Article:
The upper reaches of the San Antonio River are suitable for recreational use at any time because of the many large springs within San Antonio. The river has developed into a scenic parkway in San Antonio. General recreational use of the river and parkway is restricted by the city of San Antonio. However, paddle boats may be rented along the river walk. Below San Antonio, the river is available for general recreational use with numerous road crossings which provide access to most sections of the river.
Floresville to Hobson
This 36-mile section of the San Antonio River is located in Wilson and Karnes Counties. The river is approximately 50 to 75 feet wide and meanders slowly between steep, earthen banks. Because of the number of springs which feed the river, it always contains sufficient water for recreational use. No large rapids are found and navigation is normally made on slow-moving water. Two waterfalls exist on this section. The banks of the waterway are scenic, containing vegetation consisting of elm, willow, cottonwood, and sycamore. The main hazards present are occasional log jams, some of which require a portage. Waterway features and distance between each are as follows:
US 97 crossing - 1 mile southwest of
FM 541 crossing - 6 miles south of Floresville. (12 miles)
FM 791 crossing (Conquista Crossing) - 3 miles southwest of Falls City. (14 miles)
Skiles Falls - a waterfall has been found approximately three miles downstream from FM 791, near Falls City. (3 miles)
County road crossing - 1 mile southwest of Falls City. (1 mile)
Waterfall - a waterfall is located approximately one mile upstream from US 181, near Falls City. (1.5 miles)
US 181 crossing - located on the southeastern city limit of Falls City. (1 mile)
FM 81 crossing - 1 mile east of Hobson. (3 miles)
Hobson to the Guadalupe River Junction
Throughout the lower sections, the San Antonio River remains a slow, sluggish, and meandering coastal river. Water levels are adequate for recreational use, but the water quality deteriorates considerably. However, water quality is considered by the Texas Water Quality Board, as above the minimum level for water contact sports, despite its somewhat murky appearance. The river becomes more isolated on the lower sections, since road crossings become fewer and farther between. Occasional log jams are the only major obstacles. Goliad State Park is located adjacent to the river.
Rising in northwestern Austin County, the San Bernard River flows southeast, forming the boundary between Austin and Colorado Counties, then into Wharton and Fort Bend Counties where it flows into the Gulf of Mexico. Its total length is 125 miles. The San Bernard is a coastal river, located entirely within the coastal plains. The river does not contain a large volume of water, but lower sections have sufficient water for recreational use at any time. The river flows slowly into the Gulf of Mexico with no potential hazards existing along its entire length.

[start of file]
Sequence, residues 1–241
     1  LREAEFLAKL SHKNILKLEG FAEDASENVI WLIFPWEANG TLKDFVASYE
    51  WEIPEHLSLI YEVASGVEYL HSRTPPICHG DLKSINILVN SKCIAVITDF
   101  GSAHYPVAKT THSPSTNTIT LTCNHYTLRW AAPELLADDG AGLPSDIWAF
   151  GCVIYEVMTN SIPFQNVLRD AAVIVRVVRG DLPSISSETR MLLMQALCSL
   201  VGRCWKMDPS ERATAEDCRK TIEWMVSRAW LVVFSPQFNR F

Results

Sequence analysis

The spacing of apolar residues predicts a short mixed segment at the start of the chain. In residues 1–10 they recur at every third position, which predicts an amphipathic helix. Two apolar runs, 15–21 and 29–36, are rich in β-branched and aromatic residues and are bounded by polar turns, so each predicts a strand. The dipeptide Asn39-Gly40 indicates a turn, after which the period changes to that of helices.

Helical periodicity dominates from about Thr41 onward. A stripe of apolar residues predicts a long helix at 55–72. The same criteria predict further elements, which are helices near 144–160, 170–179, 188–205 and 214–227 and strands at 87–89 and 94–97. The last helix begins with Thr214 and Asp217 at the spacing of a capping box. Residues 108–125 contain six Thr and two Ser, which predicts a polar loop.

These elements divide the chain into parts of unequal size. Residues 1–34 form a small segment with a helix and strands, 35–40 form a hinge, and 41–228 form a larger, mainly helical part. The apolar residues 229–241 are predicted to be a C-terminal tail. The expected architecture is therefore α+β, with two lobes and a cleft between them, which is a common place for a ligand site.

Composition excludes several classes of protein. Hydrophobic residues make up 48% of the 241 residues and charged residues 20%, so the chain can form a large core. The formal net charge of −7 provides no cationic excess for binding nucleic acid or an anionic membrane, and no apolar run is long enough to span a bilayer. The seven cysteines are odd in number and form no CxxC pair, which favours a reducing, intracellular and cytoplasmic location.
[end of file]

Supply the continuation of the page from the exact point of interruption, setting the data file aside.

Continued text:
Cat Spring to Farm-to-Market 1093
The upper reaches of the San Bernard River, from its source to FM 1093, is a narrow, winding coastal waterway which, at normal water levels, is often suitable for recreational use (flow in minimal). Several springs have been located along this section and the river is lined with numerous hardwood trees. Log and brush jams are present, and the main channel is difficult to locate during periods of extremely high water. However, this section is scenic, and recreational use is possible provided adequate water levels exist.
Farm-to-Market 1093 to US Highway 59
This 27-mile section of the San Bernard River is located in Austin, Wharton, and Fort Bend Counties. The river has its beginnings within the Coastal Plains, yet unlike other coastal river, it contains many springs. This particular stretch contains several of these springs, which insures that this section normally has minimum flow for recreational use. The river is lined with vegetation consisting of oak, elm, willow, pecan, and other hardwoods. Water quality is good, and a sufficient volume of water for recreational use is always maintained. No hazards exist. In general the San Bernard River contains points of interest which are unique to the coastal rivers of Texas. Waterway features and distance between each are as follows:
FM 1093 crossing - 8 miles northwest of
East Bernard Creek - enters on the left. (1 mile)
SH 60 crossing - 4 miles north of East Bernard. (3 miles)
Middle Bernard Creek - enters on the right. (5 miles)
US 90A crossing - eastern city limit of East Bernard. The river is narrow, and the main channel is difficult to distinguish. (3 miles)
FM 2919 crossing - between SH 60 in Wharton County and US 59 in Fort Bend County, 2 miles southeast of East Bernard. (6 miles)
US 59 crossing - 8 miles northeast of Wharton at Kendleton. (9 miles)